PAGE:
Anyway, I'll probably keep an eye on how these entry-level FPs develop going forward...


Thanks again.


Cheers!


_Man_



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#18 of 30 OFFLINE   Todd Erwin

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Posted October 05 2011 - 09:16 AM

Light leakage from both the HD33 and GT750 were minimal, and the noise level wasn't too bad on either, as well.


Both projectors pulled in air from the left and passed through on the right. The heat was more of an annoyance than the noise.


The projectors have now been packed up and shipped back to the manufacturer since the reviews have posted, so I can't do any other testing. Which means my old Toshiba energy hog has been placed back into service...... Posted Image

Originally Posted by Kevin Collins 

Hi Todd,


I know you didn't call this out in the review, but was their any light leakage in the room from the PJ?  One of the issues with PJ's particularly entry level PJ's is light leakage.

While I understand that fan noise will vary based on the brightness of the bulb, do you have any db ratings for noise at 1' from the PJ to measure the difference levels?  Alternatively, can you state the annoyance factor of fan noise on the setting you used when listening to movies with very low noise segments?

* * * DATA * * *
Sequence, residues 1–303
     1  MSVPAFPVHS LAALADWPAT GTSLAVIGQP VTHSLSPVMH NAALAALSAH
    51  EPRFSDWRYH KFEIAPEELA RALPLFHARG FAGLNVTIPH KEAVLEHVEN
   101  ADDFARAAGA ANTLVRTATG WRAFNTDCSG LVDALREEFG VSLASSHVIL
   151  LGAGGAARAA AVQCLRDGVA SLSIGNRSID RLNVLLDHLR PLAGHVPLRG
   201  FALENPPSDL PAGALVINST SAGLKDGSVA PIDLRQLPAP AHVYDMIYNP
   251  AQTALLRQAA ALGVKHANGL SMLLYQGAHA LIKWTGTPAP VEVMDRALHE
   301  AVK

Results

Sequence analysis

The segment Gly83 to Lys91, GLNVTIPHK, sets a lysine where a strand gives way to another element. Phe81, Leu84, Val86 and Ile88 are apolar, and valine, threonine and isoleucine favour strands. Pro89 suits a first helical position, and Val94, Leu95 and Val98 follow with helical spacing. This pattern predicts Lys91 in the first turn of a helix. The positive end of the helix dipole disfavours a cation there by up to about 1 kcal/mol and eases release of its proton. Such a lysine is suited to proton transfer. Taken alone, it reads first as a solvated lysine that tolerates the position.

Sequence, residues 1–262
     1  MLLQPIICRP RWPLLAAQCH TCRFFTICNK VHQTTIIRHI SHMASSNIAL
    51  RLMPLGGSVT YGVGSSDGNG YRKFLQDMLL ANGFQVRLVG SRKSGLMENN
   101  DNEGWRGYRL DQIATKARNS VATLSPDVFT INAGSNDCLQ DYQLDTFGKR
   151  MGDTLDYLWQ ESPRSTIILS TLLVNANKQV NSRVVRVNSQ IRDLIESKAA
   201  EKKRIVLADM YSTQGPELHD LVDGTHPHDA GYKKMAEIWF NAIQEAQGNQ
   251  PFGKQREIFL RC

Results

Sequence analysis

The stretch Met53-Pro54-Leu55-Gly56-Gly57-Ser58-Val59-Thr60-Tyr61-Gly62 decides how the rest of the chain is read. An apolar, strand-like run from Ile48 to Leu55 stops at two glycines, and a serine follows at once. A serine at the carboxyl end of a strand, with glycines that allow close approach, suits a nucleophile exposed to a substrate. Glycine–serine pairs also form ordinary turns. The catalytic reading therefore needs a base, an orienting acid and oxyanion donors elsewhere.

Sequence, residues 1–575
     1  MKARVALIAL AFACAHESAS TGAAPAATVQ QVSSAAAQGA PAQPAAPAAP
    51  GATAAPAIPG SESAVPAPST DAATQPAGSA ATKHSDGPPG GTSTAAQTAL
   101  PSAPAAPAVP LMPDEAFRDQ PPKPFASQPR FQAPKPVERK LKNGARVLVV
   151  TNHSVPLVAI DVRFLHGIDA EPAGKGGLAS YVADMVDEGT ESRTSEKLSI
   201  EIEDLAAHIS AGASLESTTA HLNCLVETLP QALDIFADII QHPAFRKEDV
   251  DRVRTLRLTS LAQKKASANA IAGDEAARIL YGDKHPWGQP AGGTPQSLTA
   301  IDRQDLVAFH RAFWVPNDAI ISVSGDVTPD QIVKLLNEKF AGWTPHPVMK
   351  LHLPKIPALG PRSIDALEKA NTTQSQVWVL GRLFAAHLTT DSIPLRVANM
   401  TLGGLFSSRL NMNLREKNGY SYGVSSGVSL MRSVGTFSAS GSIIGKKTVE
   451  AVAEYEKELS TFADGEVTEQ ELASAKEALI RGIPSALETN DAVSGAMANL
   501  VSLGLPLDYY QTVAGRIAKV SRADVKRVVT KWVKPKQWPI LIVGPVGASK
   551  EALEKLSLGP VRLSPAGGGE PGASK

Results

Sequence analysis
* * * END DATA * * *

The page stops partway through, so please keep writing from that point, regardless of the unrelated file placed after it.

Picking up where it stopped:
The pictures that are in the review seem to indicate that the fan is on the vents are on the left side of the projector.  Does the air vent in an out on the same side or does it go from one side to the other.  If so, which side does it exit from?









#19 of 30 OFFLINE   gani

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Posted October 06 2011 - 03:07 AM

thanks very much for the review(s), but i am really missing your subjective comparison of the gt750 and the hd33. i currently could have the hd33 for just a little bit more than the gt750, but many years ago i had a bad experience with a projector with very bad detail in the darker areas, and... generally no black level to speak of. in Art Feierman's review pictures (after calibration) of the hd33 seem to have a lot less detail than that of the gt750 (train in the woods example), but i just found the uncalibrated pictures of the hd33 as well, and there i see that much more detail than in the calibrated pictures is possible, probably at the cost of black levels. also, for the review they never calibrated the gt750. so... how fare the two compared to each other after your reviews? thanks very much in advance for a quick reply, if possible, since i dont know if that low price for the hd33 stays for long in my currency. edit: corrected hd750 instead of gt750